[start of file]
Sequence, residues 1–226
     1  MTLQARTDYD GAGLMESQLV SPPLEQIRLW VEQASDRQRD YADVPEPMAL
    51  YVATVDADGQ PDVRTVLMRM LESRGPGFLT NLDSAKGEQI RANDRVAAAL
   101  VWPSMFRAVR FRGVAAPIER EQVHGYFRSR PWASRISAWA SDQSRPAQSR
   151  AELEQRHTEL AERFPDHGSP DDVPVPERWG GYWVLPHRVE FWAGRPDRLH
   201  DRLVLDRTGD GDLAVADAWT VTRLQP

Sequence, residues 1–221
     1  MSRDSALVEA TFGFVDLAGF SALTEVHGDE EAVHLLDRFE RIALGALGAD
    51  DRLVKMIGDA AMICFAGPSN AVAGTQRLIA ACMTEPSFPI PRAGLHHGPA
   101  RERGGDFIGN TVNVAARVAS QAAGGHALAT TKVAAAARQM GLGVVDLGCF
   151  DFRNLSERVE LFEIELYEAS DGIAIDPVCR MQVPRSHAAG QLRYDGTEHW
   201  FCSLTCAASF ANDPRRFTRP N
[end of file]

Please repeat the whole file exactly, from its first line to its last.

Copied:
Sequence, residues 1–226
     1  MTLQARTDYD GAGLMESQLV SPPLEQIRLW VEQASDRQRD YADVPEPMAL
    51  YVATVDADGQ PDVRTVLMRM LESRGPGFLT NLDSAKGEQI RANDRVAAAL
   101  VWPSMFRAVR FRGVAAPIER EQVHGYFRSR PWASRISAWA SDQSRPAQSR
   151  AELEQRHTEL AERFPDHGSP DDVPVPERWG GYWVLPHRVE FWAGRPDRLH
   201  DRLVLDRTGD GDLAVADAWT VTRLQP

Sequence, residues 1–221
     1  MSRDSALVEA TFGFVDLAGF SALTEVHGDE EAVHLLDRFE RIALGALGAD
    51  DRLVKMIGDA AMICFAGPSN AVAGTQRLIA ACMTEPSFPI PRAGLHHGPA
   101  RERGGDFIGN TVNVAARVAS QAAGGHALAT TKVAAAARQM GLGVVDLGCF
   151  DFRNLSERVE LFEIELYEAS DGIAIDPVCR MQVPRSHAAG QLRYDGTEHW
   201  FCSLTCAASF ANDPRRFTRP N